Chi chi in Shanghai
When Chinese Vogue launched in August last year, its print run of 300 000 sold out almost immediately. Quite a feat for a glossy magazine featuring high-end designer clothes in a country where the average annual income is less than R14Â 000.
Fashion in Shanghai is hugely important on every level.
Giorgio Armani has proclaimed Shanghai the most exciting city in the world.
Look inside your clothes and read the label: it’s a fair bet that you will see the words “Made in China’‘. That’s because an incredible 50% of the world’s textiles are produced there. Everything from top designerwear down to R140 jackets probably started its life in China.
Given that I’m no stranger to bashing my credit card in the more established fashion capitals of Paris, Milan and New York, I decided it was only right that I took myself and my slightly less enthusiastic shopper boyfriend, David, off to Shanghai for a week of bargain hunting.
Shanghai is a perfectly manageable size for a shopping trip: it might be home to about 20-million people and at least a zillion mopeds, but nothing is more than a R15 taxi ride away—although a flashcard with your destination written in Mandarin is essential. The river Huangpu, the notorious centre of the opium trade in the 1930s, when Shanghai was dubbed the “Whore of the Orient’‘, runs down the east of the city. On one side is the futuristic Pearl TV Tower, a building that closely resembles a neon-lit cellphone charm sitting among the futuristic megalopolis skyline of Pudong. Neoclassical buildings line the west bank and house mega-bucks shops such as Giorgio Armani and Cartier; Dolce & Gabbana is opening soon. The Astor House Hotel, where we stayed, is at the north end of this area.
From the outside, the hotel looks like Harrods; inside is a marble-floored reception dimly lit by a huge chandelier. The air of faded grandeur is enhanced by the fact that previous guests have included Einstein and Charlie Chaplin. Those boys may or may not have received friendlier service than we did, but the room size and decor more than made up for it.
After a quirky communist breakfast of liquid yoghurt, tinned fruit and powdery bread, we set off down the Bund, Shanghai’s most famous promenade, past an elderly couple silently practising t’ai chi and countless hawkers offering Rolex watches and Louis Vuitton bags.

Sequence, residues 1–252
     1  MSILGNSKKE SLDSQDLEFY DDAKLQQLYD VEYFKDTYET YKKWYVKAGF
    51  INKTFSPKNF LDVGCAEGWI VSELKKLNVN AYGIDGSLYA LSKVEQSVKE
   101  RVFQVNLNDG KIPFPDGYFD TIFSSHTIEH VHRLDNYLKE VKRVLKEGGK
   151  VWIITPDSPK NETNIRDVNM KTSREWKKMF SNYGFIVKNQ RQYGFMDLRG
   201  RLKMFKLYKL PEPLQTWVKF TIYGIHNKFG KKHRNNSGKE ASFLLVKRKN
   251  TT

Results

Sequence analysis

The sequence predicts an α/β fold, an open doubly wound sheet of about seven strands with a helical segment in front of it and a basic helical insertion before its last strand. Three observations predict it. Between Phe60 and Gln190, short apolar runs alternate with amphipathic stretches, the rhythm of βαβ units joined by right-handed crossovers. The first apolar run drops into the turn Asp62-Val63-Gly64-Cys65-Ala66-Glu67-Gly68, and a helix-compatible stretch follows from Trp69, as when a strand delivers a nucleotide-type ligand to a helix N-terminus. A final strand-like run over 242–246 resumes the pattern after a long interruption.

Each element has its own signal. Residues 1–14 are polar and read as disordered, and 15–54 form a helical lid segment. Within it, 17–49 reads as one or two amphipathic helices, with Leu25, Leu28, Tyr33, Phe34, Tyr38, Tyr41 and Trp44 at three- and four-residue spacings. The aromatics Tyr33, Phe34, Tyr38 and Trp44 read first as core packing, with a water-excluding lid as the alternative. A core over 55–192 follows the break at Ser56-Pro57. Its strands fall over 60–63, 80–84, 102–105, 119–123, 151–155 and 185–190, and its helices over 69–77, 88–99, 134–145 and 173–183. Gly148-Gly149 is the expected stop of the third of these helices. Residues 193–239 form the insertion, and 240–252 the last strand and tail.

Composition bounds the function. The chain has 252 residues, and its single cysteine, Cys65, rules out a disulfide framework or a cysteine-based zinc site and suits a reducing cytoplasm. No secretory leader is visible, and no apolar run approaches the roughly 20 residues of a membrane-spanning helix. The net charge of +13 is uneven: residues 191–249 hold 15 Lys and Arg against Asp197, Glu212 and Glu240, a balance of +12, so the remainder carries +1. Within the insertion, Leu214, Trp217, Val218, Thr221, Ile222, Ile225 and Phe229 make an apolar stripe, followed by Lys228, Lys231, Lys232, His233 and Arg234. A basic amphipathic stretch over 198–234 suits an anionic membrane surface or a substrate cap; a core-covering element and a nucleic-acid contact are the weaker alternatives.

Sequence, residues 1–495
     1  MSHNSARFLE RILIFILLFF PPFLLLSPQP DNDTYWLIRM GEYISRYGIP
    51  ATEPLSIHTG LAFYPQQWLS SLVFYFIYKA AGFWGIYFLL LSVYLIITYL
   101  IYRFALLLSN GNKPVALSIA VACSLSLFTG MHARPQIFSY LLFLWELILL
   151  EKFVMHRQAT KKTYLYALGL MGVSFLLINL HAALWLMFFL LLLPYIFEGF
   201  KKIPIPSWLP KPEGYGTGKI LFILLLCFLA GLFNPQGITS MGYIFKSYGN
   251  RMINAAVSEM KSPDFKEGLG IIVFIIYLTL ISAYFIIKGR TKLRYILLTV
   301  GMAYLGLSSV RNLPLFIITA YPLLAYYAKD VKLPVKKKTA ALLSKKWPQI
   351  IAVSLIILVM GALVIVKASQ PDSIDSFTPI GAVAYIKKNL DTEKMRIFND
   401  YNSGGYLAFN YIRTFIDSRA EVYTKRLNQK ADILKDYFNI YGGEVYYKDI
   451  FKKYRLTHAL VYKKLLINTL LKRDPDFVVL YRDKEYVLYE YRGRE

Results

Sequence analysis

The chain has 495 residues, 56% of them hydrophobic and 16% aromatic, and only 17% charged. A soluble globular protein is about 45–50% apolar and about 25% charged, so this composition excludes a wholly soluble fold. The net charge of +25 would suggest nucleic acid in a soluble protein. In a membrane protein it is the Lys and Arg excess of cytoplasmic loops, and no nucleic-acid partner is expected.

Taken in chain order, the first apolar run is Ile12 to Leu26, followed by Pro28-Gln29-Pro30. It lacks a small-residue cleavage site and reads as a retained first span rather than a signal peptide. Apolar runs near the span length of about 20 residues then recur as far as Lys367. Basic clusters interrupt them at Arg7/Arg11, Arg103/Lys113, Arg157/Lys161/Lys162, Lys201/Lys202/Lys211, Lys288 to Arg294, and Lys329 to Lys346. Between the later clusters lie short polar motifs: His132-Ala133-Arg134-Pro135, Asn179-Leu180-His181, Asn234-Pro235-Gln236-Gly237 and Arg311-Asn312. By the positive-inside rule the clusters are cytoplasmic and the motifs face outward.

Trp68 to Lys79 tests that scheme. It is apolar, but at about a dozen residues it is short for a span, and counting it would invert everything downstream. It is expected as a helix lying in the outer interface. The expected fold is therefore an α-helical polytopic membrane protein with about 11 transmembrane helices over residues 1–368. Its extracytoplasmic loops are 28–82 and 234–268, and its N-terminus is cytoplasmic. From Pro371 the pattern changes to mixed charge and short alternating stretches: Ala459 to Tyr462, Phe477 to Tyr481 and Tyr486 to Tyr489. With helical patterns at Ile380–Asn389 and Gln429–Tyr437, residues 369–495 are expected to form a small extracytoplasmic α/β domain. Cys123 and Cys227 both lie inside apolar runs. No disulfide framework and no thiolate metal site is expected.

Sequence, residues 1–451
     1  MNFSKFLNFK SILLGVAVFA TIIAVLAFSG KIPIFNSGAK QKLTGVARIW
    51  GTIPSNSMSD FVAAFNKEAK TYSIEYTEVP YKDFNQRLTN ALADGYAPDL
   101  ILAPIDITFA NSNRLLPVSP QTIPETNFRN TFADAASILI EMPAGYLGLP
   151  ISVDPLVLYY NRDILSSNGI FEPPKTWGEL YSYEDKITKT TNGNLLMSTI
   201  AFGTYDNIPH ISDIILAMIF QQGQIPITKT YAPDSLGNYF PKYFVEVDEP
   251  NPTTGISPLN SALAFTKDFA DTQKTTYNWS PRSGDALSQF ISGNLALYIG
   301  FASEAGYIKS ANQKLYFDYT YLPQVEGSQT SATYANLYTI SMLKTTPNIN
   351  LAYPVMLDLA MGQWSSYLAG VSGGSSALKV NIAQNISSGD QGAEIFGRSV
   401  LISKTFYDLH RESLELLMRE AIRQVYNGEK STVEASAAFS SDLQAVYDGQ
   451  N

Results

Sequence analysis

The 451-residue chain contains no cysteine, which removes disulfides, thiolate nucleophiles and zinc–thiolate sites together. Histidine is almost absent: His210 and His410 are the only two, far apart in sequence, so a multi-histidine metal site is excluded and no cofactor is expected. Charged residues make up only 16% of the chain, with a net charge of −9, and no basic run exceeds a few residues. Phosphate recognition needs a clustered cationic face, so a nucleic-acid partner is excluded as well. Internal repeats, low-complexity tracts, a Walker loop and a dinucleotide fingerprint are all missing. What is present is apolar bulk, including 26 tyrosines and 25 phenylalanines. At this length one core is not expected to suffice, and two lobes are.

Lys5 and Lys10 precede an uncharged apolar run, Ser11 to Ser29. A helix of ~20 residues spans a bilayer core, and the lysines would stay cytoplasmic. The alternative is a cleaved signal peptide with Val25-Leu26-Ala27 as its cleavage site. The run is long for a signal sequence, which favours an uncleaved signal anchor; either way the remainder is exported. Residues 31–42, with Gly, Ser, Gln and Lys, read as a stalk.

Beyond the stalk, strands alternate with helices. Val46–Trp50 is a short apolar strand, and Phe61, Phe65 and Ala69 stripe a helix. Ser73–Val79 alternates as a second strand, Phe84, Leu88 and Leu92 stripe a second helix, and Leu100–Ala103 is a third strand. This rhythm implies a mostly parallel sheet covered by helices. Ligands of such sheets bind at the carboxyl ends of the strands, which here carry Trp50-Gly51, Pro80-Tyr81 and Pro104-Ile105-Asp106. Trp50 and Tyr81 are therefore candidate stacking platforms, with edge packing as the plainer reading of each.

Our first stop was Three on the Bund, a lifestyle megastore housing Giorgio Armani, an Evian Spa and a couple of swanky restaurants. On the second floor is Three Women, an airy store selling labels such as Chloe, Lanvin and YSL; it feels like chi chi stores the world over. Significantly, there weren’t any Chinese labels on sale. Richard Hsu, a luxury brand consultant from Shanghai, told me that currently fine arts and film are way ahead of the fashion industry. “There is not enough international design exposure available to students at the moment, and copying would seem to be inevitable until original creativity develops and takes over,” he said.
The shop floor was empty. Although there are an increasing number of rich Chinese returning to live in Shanghai and shopping with gusto, the consumer revolution is still in its infancy. It was ridiculously overstaffed with cool sales assistants wearing deconstructed apron dresses.
In contrast, my next stop was the trashy Xiangyang market. I challenge even the most snobbish shopper not to be seduced by the stuff here. It’s unbelievably cheap and the bartering is fun and good natured. I bought a keyring in the shape of a Chanel jacket, a set of dominos in a beautiful wooden box (about R120) and several fake DVDs. Here, according to one local shopper, Dino, fakes are a fact of life. “There’s no way out; as long as there are real products, there will be fakes.’’ City officials seem to disagree, however; keen to clean up Shanghai’s image, they are planning to close down Xiangyang.